By contrast Monkee Mike Nesmith didn't retire from showbusiness - he simply changed his career path. Mike had found the music video his record label had asked him to make for final single 'Rio' much more interesting than the album itself and - together with some younger associates - 'created' MTV, a concept that would have been impossible without the 'romps' in the Monkees TV series. Disagreeing with the emphasis on youth and throwaway culture Nesmith soon left the project but did start up his own film-making enterprise which took up most of the time in the 1980s. The fact that his mother - inventor of Tippex or 'liquid paper' - died in the late 70s and left most of her estate to her only son also meant he didn't have to rely on music as his day-job any more. Sadly Nesmith has since said that a soundtrack album he made for one of his films in 2000 will be the last music he'll ever make and so far has stuck to his word...
5) Crosby, Stills, Nash and Young: 18 years 7 months and 21 days ('Deja Vu' and 'American Dream' 11/3/1970-1/11/1988)
CSNY would no doubt be amazed to learn that it would take them so long to follow-up their first album as a quartet and it took two aborted tries in 1974 and 1976 and a promise from Neil that he would get the band together if David Crosby came clean from his drugs habit to achieve. Sadly the most 1970s of albums is followed by that most 1980s of albums, sterile where the old one was warm and toothless where the older one had bite. CSNY were a bit quicker releasing their third album, which only took 11 years!
6) The Monkees: 17 years 2 months ('Changes' and 'Pool It!' 6/1970-8/1987)
The Monkees, however, would have been amazed that they were ever invited to release another album after 'Changes' sold so poorly and the band were reduced to a duo. Micky and Davy regrouped with Peter but not Mike for the first of their two reunion projects, pretty much resetting the band to where it was in 1966, covering outside songs and using session musicians (as if 1967-70 had never happened). Another reunion album followed comparatively on this record's heels- only a decade later!
7) Jefferson Airplane: 17 years 1 month ('Long John Silver' and 'Jefferson Airplane' 20/7/1972-22/8/1989)
Does this gap in the discography really count? The only line-up difference (at first) between Jefferson Airplane and Starship was the guitarist and bassist, although the sound between the two are quite different. sadly the final 'Jefferson' something album (bar a few small label one-off releases) sounds more like the sound of the Starship than the heady psychedelia days of old even if four of the five members are back in tow.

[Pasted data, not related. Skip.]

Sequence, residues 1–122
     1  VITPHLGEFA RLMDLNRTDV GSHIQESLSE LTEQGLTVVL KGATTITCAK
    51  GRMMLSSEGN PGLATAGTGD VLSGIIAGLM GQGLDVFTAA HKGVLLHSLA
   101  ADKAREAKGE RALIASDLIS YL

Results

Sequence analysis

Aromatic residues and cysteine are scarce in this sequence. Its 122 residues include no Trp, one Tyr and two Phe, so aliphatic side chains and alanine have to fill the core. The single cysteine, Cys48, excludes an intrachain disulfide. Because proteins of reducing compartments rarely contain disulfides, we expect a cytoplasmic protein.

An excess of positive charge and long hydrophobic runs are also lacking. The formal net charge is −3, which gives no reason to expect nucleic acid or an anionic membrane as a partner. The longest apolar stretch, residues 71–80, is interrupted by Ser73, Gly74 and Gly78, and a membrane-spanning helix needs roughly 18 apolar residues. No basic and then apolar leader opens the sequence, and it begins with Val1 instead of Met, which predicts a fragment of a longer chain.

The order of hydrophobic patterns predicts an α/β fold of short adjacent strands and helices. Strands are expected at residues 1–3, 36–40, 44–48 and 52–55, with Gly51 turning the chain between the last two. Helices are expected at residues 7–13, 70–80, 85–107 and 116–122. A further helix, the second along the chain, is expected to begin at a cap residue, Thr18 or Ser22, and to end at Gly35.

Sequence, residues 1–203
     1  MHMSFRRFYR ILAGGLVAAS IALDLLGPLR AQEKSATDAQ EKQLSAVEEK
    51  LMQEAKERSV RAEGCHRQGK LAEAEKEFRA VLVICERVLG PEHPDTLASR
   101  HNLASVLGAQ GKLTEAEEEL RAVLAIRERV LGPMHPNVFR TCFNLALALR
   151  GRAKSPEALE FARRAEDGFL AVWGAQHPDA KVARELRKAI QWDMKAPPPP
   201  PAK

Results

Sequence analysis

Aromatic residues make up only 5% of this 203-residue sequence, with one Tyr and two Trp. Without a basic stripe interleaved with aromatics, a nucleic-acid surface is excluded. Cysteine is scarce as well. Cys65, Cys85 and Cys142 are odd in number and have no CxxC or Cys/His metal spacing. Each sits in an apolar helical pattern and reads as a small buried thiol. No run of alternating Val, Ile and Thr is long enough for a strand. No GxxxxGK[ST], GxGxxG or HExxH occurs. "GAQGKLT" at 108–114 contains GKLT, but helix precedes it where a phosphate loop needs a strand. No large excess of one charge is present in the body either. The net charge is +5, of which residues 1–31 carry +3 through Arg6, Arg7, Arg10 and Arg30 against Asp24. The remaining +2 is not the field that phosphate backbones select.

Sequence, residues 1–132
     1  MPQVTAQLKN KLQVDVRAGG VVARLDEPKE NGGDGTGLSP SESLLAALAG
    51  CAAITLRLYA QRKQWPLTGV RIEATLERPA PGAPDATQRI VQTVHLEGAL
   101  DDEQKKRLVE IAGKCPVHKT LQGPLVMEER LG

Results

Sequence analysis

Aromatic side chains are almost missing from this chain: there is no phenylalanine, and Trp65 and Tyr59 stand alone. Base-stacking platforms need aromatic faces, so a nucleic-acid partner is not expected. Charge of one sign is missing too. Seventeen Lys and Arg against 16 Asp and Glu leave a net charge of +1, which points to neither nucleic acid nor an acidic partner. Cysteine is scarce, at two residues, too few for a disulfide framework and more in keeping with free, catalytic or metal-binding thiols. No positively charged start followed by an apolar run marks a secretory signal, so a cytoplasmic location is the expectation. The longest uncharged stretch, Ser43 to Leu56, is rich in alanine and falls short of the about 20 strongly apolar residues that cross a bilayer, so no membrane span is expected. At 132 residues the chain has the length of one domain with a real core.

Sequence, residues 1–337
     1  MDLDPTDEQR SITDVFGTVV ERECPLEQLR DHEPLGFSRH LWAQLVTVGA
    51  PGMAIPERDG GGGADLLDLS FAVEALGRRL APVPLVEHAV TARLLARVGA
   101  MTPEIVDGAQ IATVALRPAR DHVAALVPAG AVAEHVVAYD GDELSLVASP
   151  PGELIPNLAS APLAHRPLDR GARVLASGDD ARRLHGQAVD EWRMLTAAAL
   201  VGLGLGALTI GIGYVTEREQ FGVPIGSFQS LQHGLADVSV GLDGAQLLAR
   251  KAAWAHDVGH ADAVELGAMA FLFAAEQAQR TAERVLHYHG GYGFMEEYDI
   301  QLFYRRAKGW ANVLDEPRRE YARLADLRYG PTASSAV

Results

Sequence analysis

8) Graham Nash: 16 years 1 month 0 days ('Innocent Eyes' and 'Songs For Survivors' 27/3/1986-30/4/2002)
Another CSNY entry on this list. The long gap came about partly because Graham was busy with CSN/Y projects but partly because poor sales of the last two Nash albums meant few record labels were willing to take a chance on his solo work. 'Survivors' is actually a follow-up not to 'Innocent Eyes' but Graham's first solo effort 'Songs For Beginners' in 1971, forty years earlier.
9) Art Garfunkel: 14 years 6 months ('Lefty' and 'Everything Waits To Be Noticed' 4/1988-8/10/2002)
Whilst Art Garfunkel created lots of music in the 1990s most of it ended up as guest appearances on other people's records or on live albums. It took until 2002 before Art released his first solo album in 14 and a half years and 'Noticed' sounds quite different to his 'old' style of recordings. The album is actually a collaboration between Art, Bobby Mondlock and Maia Sharp but arguably features more of Art's personality than any other record, with Garfunkel-written songs about his past, present and future. Sadly since this album he's gone back to doing cover songs and then mainly from musicals that don't suit his superb voice - let's hope it doesn't take another 14 years before we get another 'proper' Art Garfunkel album!
10) Stephen Stills: 13 years 11 months and 29 days ('Alone' and 'Man Alive!' 11/9/1991-9/8/2005)
Yet another CSNY entry! Stills may have been the most prolific AAA star of them all in the 1970s, releasing a solo album a year with or without a CSN/Y album attached (and sometimes two). By the 1990s, though, he simply wasn't a big enough draw as a solo name and following 'Stephen Stills Alone' (released 10 years to the day before 9/11 and includes a song called 'Treetop Flyer' conspiracy fans!) the only work he could get for nearly 14 years was as part of his old band.